On Twin Earth the word “water” means XYZ (Putnam 1975a, 223)
Our concept water refers to H2O; it does not refer to the XYZ on Twin Earth.
Water is H2O.
Perhaps it should not be surprising that human conceptual competence is particularly suited to the generation of responses to such concrete specific scenarios. After all, in everyday contexts, where conceptual competence serves us in a largely unnoticed way, it would seem to function largely in the direct and automatic generation of applications of concepts.
Second, conceptual competence is much less steady and reliable when called upon to directly generate conceptually grounded general truths. Perhaps conceptual competence can generate general truths with reasonable success when they turn on certain concepts of relatively straightforward sorts that do not commonly come to feature in philosophically interesting claims. For example, having acquired the concepts of capacitor and electrical current, perhaps the general claim that capacitors store electrical current comes fully formed when one pauses to wonder. But, we think that the sorry track record of philosophers grasping for conceptually grounded general truths (regarding freedom and determinism, or regarding causation, epistemic justification, or the character of mental states, for example) suggests that at least greater caution is needed.  Particularly with respect to certain concepts that have commonly been significant for philosophers, one’s conceptual competence may be much better at directly delivering presumably veridical judgments regarding specific applications of our concepts than it is at directly generating veridical judgments regarding generalities.
Third, by drawing upon what conceptual competence does provide, one can manage to justifiably believe certain conceptually grounded generalities that are not themselves the direct deliverances of that competence. Consider the justly famous result of Putnam’s (and Kripke’s 1972) reflections:
In all possible worlds, water is stuff with the same micro-structure as the stuff in the salient samples.
This conceptually grounded general truth is justified in terms of more particular judgments about the referent of ‘water’ in various concrete scenarios. We believe that such general results are rightly taken to be a priori. The central question becomes just how one can get to such truths.
The above three observations strongly indicate that, at least as it has application to philosophical cases, an adequate model of a priori reflection drawing on conceptual competence will need to recognize at least two stages: one in which reflection on specific concrete scenarios generates correspondingly particular judgments (the direct deliverances of conceptual competence, mentioned in the first observation), and another in which one reflectively draws on these particular judgments to support a judgment whose content is abstract and general (the need for this is evident in the second and third observations above).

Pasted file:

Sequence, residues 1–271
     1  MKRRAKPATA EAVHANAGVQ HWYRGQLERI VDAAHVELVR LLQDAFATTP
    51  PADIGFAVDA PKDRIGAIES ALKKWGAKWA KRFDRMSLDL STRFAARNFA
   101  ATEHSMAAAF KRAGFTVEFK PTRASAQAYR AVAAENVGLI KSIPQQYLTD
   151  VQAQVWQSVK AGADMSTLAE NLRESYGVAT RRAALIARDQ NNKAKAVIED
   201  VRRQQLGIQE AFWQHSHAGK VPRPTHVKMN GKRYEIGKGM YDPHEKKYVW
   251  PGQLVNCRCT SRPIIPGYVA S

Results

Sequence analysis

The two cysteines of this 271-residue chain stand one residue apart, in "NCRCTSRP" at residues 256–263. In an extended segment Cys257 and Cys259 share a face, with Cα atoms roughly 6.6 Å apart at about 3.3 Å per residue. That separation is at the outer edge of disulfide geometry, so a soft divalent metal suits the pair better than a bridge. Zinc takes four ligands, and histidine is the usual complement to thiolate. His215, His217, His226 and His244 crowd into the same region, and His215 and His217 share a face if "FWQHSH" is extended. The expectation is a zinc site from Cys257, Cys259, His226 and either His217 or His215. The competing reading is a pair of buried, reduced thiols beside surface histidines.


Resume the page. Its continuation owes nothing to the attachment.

2.3: An instructive parallel: investigations of syntax in theoretical linguistics
Lest traditional assumptions regarding the character of philosophical reflection have an undue impact on one’s thinking about the two stages, it may be helpful to consider a parallel two-stage epistemic process: the methodology typically employed by linguists in constructing and evaluating theories of natural-language syntax. The empirical data for syntactic theory includes certain judgments of competent language-users—in particular, judgments concerning the grammaticality or ungrammaticality of various sentence-like strings, and concerning grammatical ambiguity or nonambiguity of various sentences. Notably, such judgments are relevant simultaneously to psychological theories of human language processing, and also to linguistic theories about the syntax of language itself. Native speakers, after all, can be expected to have judgment dispositions about these matters that reflect a solid mastery of their own language (or their own regional dialect, at any rate). So, when native speakers are intersubjectively consistent and also uniformly confident about such syntactic judgments, then normally these judgments reflect the natives' syntactic competence, their mastery of the syntactic norms or syntactic structures underlying their language. And this psychological hypothesis, in turn, has a direct implication for linguistic theory--viz., that under an adequate theory of syntax for the natives' language (or dialect), those syntactic judgments will turn out mostly correct.
Although intersubjective consistency in grammaticality judgments is important, much of the crucial data for syntactic theorizing about one’s own language is available from the armchair, in the form of introspectively accessible, confidently held, first-person judgments about grammaticality. The linguist’s own grammaticality judgments already constitute a very rich, and evidentially very significant, body of empirical data vis-à-vis syntactic theory—because the default presumption in the first person case too is that such grammaticality judgments are normally the products of one’s own linguistic competence, and hence are mostly correct.